I mean I guess it is nice that I have base moldings at all, it is just a bummer that I can’t see them from way up here! I know I’m tall, but didn’t realize I was that tall. I do have good eyesight… so, I should be able to see the things…
Well, the bathroom was no exception, it too had the dinky, tiny, can’t even see ’em base moldings and we just didn’t want to fork out the cash $1.50-2.00 a linear foot for new meatier moldings. Besides, I just knew that when I got used to seeing real base moldings in there, I would want to do it everywhere, and my bank account was getting weak in the knees just thinking about that!
Enter a cheap solution!!! DING! DING! DING! My aha moment, “What if we gave our moldings a little lift, like high heels for base moldings?” And the best news, I am about to tell you how…
1. Remove all offensively small moldings, and tell them that they need to shape up! But remove them carefully, as you will be reusing these. If they have been caulked to the wall and or floor, cut the caulk with a box cutter. Then get your crowbar behind the molding and slowly pry it off the wall.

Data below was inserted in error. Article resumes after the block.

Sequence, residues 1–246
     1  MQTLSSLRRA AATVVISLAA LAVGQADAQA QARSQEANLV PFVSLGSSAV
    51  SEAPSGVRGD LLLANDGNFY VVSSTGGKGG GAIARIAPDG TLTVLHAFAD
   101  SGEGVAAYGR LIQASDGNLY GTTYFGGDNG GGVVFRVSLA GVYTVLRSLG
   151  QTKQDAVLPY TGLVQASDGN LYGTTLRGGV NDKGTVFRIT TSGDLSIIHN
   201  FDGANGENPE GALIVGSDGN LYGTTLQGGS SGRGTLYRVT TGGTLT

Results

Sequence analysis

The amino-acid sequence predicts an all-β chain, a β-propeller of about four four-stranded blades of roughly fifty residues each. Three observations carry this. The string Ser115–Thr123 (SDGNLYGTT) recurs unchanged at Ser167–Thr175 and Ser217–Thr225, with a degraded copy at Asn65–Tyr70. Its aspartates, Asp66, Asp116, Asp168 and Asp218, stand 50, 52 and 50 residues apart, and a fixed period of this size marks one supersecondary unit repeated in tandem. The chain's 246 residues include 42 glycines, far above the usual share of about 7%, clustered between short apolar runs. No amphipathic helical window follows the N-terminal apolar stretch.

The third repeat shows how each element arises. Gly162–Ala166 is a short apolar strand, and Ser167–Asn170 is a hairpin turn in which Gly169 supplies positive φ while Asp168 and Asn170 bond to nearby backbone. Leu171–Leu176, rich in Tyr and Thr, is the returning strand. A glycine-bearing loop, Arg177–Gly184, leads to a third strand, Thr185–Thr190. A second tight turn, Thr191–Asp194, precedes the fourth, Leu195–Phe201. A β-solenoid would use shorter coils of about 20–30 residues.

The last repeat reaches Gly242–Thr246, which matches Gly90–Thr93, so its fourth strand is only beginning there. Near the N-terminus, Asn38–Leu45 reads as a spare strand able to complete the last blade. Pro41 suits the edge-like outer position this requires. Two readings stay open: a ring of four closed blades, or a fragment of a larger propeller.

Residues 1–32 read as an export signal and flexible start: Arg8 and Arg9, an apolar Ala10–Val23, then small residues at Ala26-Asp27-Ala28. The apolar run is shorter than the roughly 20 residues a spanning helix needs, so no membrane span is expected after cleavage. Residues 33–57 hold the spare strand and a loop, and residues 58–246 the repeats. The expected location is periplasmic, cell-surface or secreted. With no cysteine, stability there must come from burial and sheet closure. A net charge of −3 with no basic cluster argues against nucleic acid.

2. Clean them up. With a small chisel or 1 1/2″- putty knife, remove any caulk. Lightly sand the moldings, and wash them off, so that they are not gunky and yucky. Make sure they are completely dry before moving to step 3
3. This is where some tools may be required. This can be done in two ways, I am sorry to say, but the more tools you have the cheaper this is. I will explain the basic tools first.
Purchase a 1/2″ x 2 1/2″ or wider MDF board in the length you need to span the room.
(it is the plain square pre-primed boards, Home Depot has them for $3.82 for an 8′ ft long board here)
a hand saw
nails and hammer
(move to step 4.)
Purchase a 1/2″ x 6 ” MDF pre primed board ( in a little more than half the linear feet you need)
**the difference with the advanced is that you will rip the 6″ molding in half, so that there are 2 -3″ wide pieces. Or, if you have a lot to do buy a 4′ x 8′ x 1/2″ sheet MDF and cut it into 3″ + strips, the if you can route a round top edge (to look like mdf below, this step can sanded down by hand) if using a 4′ x 8′ sheet, the great part is this can be as cheap as .20 cents a linear foot.
4. Now, once you both have your long strips of MDF and your molding, you are going to glue them together, with the little molding on top, see image below:
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